SAM was developed with the periodic table as its primary teacher. Edo has said many times that he didn't create the theory, it was uncovered to him. As he experimented with magnets he would compare the structure to the periodic table and if the way the structure grew matched the patterns in the periodic table, he knew he was on to something. If not, he would back up and try again.
This process of trying different shapes went on for 10 years. He tried cylinders, nested spheres, cubes. Sometimes he became frustrated with the whole project and put it aside for a while. Then he would have a new insight, find a structure that explained the next step, and he started working on it again.
Eventually Edo became convinced that the nucleus is built from densely packed nucleons that start with a tetrahedron. This is helium with 4 nucleons. The elements grow by adding additional nucleons which form a tetrahedron with pairs of nucleons already in the nucleus. When the nucleus has 12 protons it makes an icosahedron - this is the 6th element carbon. Larger atoms are composed of multiple icosahedrons that attach to each other in a branching tree-like pattern. The resulting structures explain many phenomena about elements and chemistry that have eluded us in the past.
One aspect of the periodic table is the repeating pattern of 8, or what in 1865 John Newlands called the Law of Octaves. As you go through the table element by element in increasing weight, you will discover that valence follows a pattern of 0, 1, 2, 3, 4/-4, -3, -2, -1; then the pattern repeats. This pattern also occurs in the SAM model as you build larger atoms.
I've been asked many times what experiments need to be done to prove SAM. My answer is simple - the experiments have already been done.
The 'New' Neutron
At the 1933 Solvay conference 28 of the world's premiere physicists got together to decide if the nucleus of the atom consisted of protons and electrons, or protons and neutrons. There were heated arguments and the decision was not unanimous. Nevertheless the vote was in and the proton/neutron model won. The proton/electron model was soon relegated to history. Could this decision have been a major blunder?
Scientists know that a neutron cannot exist for long on its own. Within 15 minutes of being removed from the nucleus, a neutron will decay into a proton, an electron and an anti-neutrino. This process is known as Beta decay.
SAM postulates that neutrons and the process of beta decay are misunderstood. A neutron does not decay into a proton and electron. A neutron is really a shared electron between protons. A free neutron is a proton and electron in an unstable state.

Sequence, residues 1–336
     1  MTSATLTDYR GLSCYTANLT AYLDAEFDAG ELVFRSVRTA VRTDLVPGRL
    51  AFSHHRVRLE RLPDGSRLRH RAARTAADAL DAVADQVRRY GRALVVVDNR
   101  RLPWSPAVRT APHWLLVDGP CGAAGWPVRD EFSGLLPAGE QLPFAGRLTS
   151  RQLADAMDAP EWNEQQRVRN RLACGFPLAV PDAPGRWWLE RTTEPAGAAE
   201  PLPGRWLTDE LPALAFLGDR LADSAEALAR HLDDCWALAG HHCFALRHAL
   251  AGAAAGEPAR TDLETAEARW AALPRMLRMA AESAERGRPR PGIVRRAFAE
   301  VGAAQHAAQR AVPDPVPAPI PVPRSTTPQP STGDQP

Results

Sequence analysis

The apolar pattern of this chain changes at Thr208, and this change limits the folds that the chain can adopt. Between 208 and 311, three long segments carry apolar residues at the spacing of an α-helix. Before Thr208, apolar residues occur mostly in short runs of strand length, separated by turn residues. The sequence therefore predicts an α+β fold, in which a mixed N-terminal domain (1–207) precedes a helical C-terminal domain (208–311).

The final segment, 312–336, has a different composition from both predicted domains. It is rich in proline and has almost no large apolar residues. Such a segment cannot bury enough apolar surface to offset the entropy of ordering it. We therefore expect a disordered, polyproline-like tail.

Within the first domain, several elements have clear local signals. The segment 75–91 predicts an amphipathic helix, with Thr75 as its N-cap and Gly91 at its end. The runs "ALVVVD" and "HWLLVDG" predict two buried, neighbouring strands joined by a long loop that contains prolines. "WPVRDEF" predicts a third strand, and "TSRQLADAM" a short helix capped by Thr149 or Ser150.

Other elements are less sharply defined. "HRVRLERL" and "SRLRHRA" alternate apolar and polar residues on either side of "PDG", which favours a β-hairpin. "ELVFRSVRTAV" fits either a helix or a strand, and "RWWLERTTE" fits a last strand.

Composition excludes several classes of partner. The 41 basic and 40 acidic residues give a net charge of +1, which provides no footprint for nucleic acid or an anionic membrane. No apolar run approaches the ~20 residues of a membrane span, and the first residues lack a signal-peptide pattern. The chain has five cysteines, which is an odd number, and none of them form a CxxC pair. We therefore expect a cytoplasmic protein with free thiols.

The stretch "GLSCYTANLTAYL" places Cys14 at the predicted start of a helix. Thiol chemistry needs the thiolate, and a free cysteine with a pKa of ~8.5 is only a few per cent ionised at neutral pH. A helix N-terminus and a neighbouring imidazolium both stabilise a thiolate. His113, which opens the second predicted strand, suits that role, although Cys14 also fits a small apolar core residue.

The protons ensure that the structure is immovable and stable. The electrons are the glue that hold the protons together and are thought to be in a (in principle) static position. Since electrons are much smaller than protons, they do not have to be present between 2 protons very long to hold them together. SAM redefines a neutron as a nuclear electron being shared by two or more protons.
The nucleus is made up of protons and shared electrons.
Having just one type of particle for the structure of the nucleus, greatly simplifies things. You don't have to concern yourself with where the 'protons' and 'neutrons' go. For this reason the proton/neutron model has made it impossible for us to discover a structure that matches observation.
For example let's look at carbon. Conventional science believes the carbon nucleus is 6 protons and 6 neutrons. SAM states the neutrons are actually a proton and electron, therefore the carbon nucleus is 12 protons and 6 electrons. There are an additional 6 electrons in the orbitals of the the nucleus.
A typo in this paragraph, last line, 4th to last word. "is" should be 'us'.
Eventually Edo became convinced that the nucleus is built from densely packed nucleons that start with a tetrahedron. This is helium with 4 nucleons. The elements grow by adding additional nucleons which form a tetrahedron with pairs of nucleons already in the nucleus. When the nucleus has 12 protons it makes an icosahedron - this is the 6th element carbon. Larger atoms are composed of multiple icosahedrons that attach to each other in a branching tree-like pattern. The resulting structures explain many phenomena about elements and chemistry that have eluded is in the past.
Thank you for pointing this out. Fixed